"Democrats argue that president trump abused his power and should be removed from office. They spend a long time going through previous cases and talk about it. This is when the abuse of power has been considered teachable and our weekly election twenty twenty series continues with at TV ads. Blanketing Iowa ahead of next. Next week's caucuses over five hundred ads a day that are going out into Cedar rapids in Des Moines and Davenport. Less the number of confirmed corona virus cases CZYZ continues to grow. This is what's news from the Wall Street Journal on Kim Gittleson. Let's get started now out before we take a closer look at the hundreds of Democratic presidential. TV ADS airing in Iowa. And what they tell us about the twenty twenty race. Here's what you missed Chinese unease officials. Now say that more than eight hundred people have corona virus and that at least twenty five people have died. Tens of millions of people in central China remain on on lockdown and Disney is temporarily closing. Its Shanghai Park. Were reporting that several drug companies are now rushing to develop vaccines for the virus but that testing in humans won't happen for at least several months. The personal computer isn't dead at least if Intel's results are anything to go by the chipmaker said fourth-quarter earnings benefited from an increase in PC shipments as well as demand for data center chips it also gave an upbeat forecast for the rest of the year. Sherston Intel rose around six percent in after hours trading. Thirty one point five million dollars. That's how much J. P.. Morgan CEO Jamie diamond took home. Last year primarily an stock awards. It's a boost from two thousand eighteen when he was the highest paid big bank boss in the United States. It's a crown. He's likely to keep though. Most big banks have yet to disclose their executive pay. Diamond has run J. P. Morgan since two thousand five Now our main story. It's Friday which means it's time for our weekly look at not twenty twenty presidential race today we're going to take you to Iowa where residents are being bombarded with ads from Democratic hopefuls according to Cantor C. Mag the capital Des Moines has been blanketed with five hundred ads a day on cable satellite and broadcast. TV Are Charlie. Turner has been finding out more from political reporter. The Chad Day who yes has been watching all of those odds so we don't have to Chad. The Iowa caucuses are a little more than a week away and that means a barrage barrage of TV campaign ads. How much money have the candidates spent on TV advertising in Iowa? Well so far. We've crossed the 60-million-mark And it's continuing continuing to climb. I wouldn't I wouldn't surprise me if we were to see possibly even eighty million By next week or you know as we near that Iowa caucuses starting. What's it's been the tenor of the ADS? The candidates of butted heads and debates and social media face to face. Have they used the airwaves to attack each other. You No we haven't seen that spill over into the TV advertising instead. They've really stayed away from attacking each other. We haven't found any evidence that there's even mentioned Another candidate You know no in their ads. And that's when we talked to people that watch advertising in Iowa they say it's not surprising because of the way the caucuses operate You know anytime that you were to attack a candidate You know that one of your rivals you are also possibly You know attacking their supporters. Who with the way the caucus work If you may be trying to woo ooh those supporters later on if their chosen candidate doesn't get meet a certain threshold And so You know they don't see much of an upside in trying to do negative advertising at this point and rather are sticking to bio ads things that are talking up their credentials Their ability to be president trump And really focusing on the policy. We'll give some examples. You know Candidates issues a couple of ads. Stick out one is Joe Biden is using an ad to not only attack president trump on You know trying to tear down obamacare but also tout his own credentials on healthcare. After having passed the law with with President Obama from the moment he took office Donald. Well trump is tried to destroy obamacare. No one is more determined to protect congealed by we're also seeing You know with Bernie Sanders There's a particularly particularly striking ad where it starts out with people around a gravestone. There are people dying in America because they cannot afford the outrageous cost of prescription drugs. In this country. We have government. You know what they're doing with these ads is they're trying to extrapolate and build off the policies that they're talking about on the campaign trail Wall not engaging with each other You know the the closest we see you know. There's a couple ads where they'll say like other candidates may say but they never mentioned the other candidates name or or contrast a a particular policy. Well you just mentioned Joe Biden Touting obamacare and that would seem to be an implicit dig sense sense Other candidates touted Medicare for all right so One thing it is notable in our our data that we've seen is that A lot of the candidates are talking talking about healthcare They're talking about it in different ways as you mentioned you know. Joe Biden is talking Yup obamacare and trying to build off that we are seeing Bernie Sanders talk a lot about Medicare for all in and his policies proposals for health care reform. One thing that we're not seeing though is Elizabeth Warren mentioned that instead You know we have not seen in a single ad where she's talking about healthcare instead she's focusing on a message of Washington is corrupt and trying to talk about how she would come in and Clean House when we have a government that works for the rich and the powerful and leaves everyone else behind its corruption pure and simple. You know. It's interesting to see kind of this. These dynamics six of what the candidates are talking about and also what they're not talking about in the the ads that they are you know basically trying to use their closing argument before the Iowa caucuses. Well another candidate candidate Chad. That's polled well in Iowa is Pete Buddha judge. What's been the tenor of his ads? Most of the people to judge ads have featured him You know clips of speeches that he's given that are either talking about returning helping people who've lost their jobs in manufacturing as I traveled through Iowa all these communities to remind me of my own hometown town a city that had an amazing industrial heyday but then corporations greed and recklessness brought it to. It's knees you see kind of the differences France's in the different ads where His feature a lot of of him speaking in front of people talking to voters whereas in other candidates ads. You're seeing more of either either You know kind of the Voice of God narrator or the candidates addressing the camera directly and then talking about their policies. What about Amy Klobuchar Chemical? Shari's talking talking about her ability to be able to win In a in red areas she really doubts her ability to win in Minnesota and win counties. That voted for trump but then voted for her and talking about her ability to be able to have some crossover appeal When it comes to moderate voters will TV ads like these help swing the race race? Are they likely to have a big influence on. How I owens vote you know the thing about TV advertising in politics particularly right now is that you have to do some and You know do you get your name out there But it's probably not going to be something that you know unless there's some blockbuster add that also that would probably break into the news. You the you know conversation They're probably not going to sway the race. it's more about it particularly in Iowa it's about facetime Being out on the campaign trail talking to voters Iowans are very very particular About making sure the candidates Show their face And that they they see them and hear them and get to know them. If you have subjects or angles that you're curious about regarding the twenty twenty race you can email us at what's news all one word wsj.com or tweet us at. WSJ PODCASTS podcasts. You can find all of our election. Twenty twenty coverage up on WSJ DOT COM on to markets. Have you ever heard of Rhodium. It's a precious metal that strips pollutants out of exhaust fumes that makes it a key component donut for car manufacturers who need to hit stricter emissions targets in Europe and Asia. That's one reason why it's price has surged by sixty five percent in in this year alone making it. The world's priciest precious metal are resident. Rhodium expert Joe. Wallace has more while as you say. Rhodium is really key. Ingredient combining factors as they try to meet emission restrictions particularly in China and the European Union. Because it's using catalytic converters which convert toxic is it gases but she wouldn't want to breathe in like monoxide into nitrogen water and at the same time it's demand is really rising supplies radium quite tight. There's not much which go round rounded precious metals a rare matchel minus certainly wants to raise output because they mind Rhodium as a byproduct of palladium and platinum and platinum price. In in particular quite weeks they don't want to flood the platinum market with with more metal. So what happens from here. I mean most traders. Don't think can keep on rising at this pace because it's going up so fast they do think writing prices will remain pretty high because these types our mission signed is a hates estate which means demands really gonNA remain pretty strong from from the car industry. And here's what else were paying attention to today. Democrats will have a third and final day to present their case for impeaching president trump to the senate. Yesterday they argued that the president abused his office. And and that even though that isn't a criminal offense. It's an impeachable one our political reporter Andy. Dornan has more on what to expect. Today they are expected to do really against the details of the second article of impeachment which focuses on of Congress president trump the trump administration generally did not comply. Hi with Subpoenas the house issued a throughout the fall for documents and Witness testimony relating to their investigation into President Trump's request for investigations from Ukraine men. So they're expected to somewhat similarly go through kind of the legal thinking behind the article of impeachment and why why they think that Congress needs to the constitution have the ability to receive documentation and witness testimony from the executive branch and then also get into some of the factual the actual facts the substance of the of what of what they said peachable. President trump has repeatedly denied wrongdoing in. His legal team will begin their defense on Saturday. We'll have all the latest for you and our afternoon edition also in Washington today. President Trump plans to address an annual rally of antiabortion demonstrators. It would be the first in person appearance by a sitting president at the march for life in its forty seven year history. History finally good evening. I'm Jim Lara. Jim Lehrer of the PBS. CBS News Hour died at the age of eighty five yesterday a frequent moderator of presidential debates. He was known for his fair minded and in-depth approach to journalism He served as an inspiration for many aspiring broadcasters yours truly included so I want to leave you with some of his rules for good journalism. Do nothing I cannot defend cover right and present every story with the care I would want it. The story about me assume there is at least one other side. I'd or version to every story assume the viewer is smart and is carrying and as good a person as I am assume the same about all people on whom I report and the last one and finally I am not in the entertainment business. That's what's news from the Wall Street Journal. Thanks for listening and have a great weekend.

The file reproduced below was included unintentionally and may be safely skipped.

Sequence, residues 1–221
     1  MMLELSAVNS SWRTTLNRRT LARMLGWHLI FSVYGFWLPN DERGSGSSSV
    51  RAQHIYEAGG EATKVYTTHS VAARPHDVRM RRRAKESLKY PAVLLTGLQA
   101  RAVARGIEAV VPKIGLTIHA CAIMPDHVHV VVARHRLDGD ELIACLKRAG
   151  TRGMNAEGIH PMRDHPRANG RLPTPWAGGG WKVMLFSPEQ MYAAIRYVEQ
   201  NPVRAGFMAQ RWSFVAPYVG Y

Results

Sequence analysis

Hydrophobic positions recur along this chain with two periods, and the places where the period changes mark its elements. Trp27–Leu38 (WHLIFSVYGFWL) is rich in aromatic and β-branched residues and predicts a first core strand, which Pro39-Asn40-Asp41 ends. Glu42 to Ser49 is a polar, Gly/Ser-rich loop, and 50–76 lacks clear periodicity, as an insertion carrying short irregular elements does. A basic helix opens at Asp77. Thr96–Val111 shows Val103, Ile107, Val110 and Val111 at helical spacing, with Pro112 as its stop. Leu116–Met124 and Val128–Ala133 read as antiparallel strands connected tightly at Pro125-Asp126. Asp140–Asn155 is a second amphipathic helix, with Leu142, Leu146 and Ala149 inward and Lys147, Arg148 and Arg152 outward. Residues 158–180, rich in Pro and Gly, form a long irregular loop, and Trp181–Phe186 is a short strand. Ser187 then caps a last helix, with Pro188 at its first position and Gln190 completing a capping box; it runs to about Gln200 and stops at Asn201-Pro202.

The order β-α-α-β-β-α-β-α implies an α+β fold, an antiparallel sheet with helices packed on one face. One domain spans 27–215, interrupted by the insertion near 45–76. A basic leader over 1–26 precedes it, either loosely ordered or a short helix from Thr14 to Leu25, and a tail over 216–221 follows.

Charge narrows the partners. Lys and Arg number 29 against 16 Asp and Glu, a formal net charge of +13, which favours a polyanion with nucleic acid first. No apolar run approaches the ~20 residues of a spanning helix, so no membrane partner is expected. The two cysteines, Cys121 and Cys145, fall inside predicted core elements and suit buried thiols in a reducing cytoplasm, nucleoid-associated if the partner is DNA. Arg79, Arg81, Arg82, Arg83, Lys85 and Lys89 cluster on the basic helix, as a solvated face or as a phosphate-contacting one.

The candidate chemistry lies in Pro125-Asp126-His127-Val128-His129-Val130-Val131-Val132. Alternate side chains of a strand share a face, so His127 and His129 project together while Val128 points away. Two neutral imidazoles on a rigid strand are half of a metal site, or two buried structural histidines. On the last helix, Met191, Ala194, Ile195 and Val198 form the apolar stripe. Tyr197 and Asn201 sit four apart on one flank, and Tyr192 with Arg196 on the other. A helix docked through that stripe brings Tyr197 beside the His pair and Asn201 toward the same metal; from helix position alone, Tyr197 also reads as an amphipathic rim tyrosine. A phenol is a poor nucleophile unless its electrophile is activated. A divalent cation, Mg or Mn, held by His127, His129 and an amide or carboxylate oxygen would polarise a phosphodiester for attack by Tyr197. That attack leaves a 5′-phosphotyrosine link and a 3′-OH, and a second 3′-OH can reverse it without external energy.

Iowa President Trump president Joe Biden Wall Street Journal Des Moines Bernie Sanders China reporter executive Intel Medicare President Obama Chad CBS United States Kim Gittleson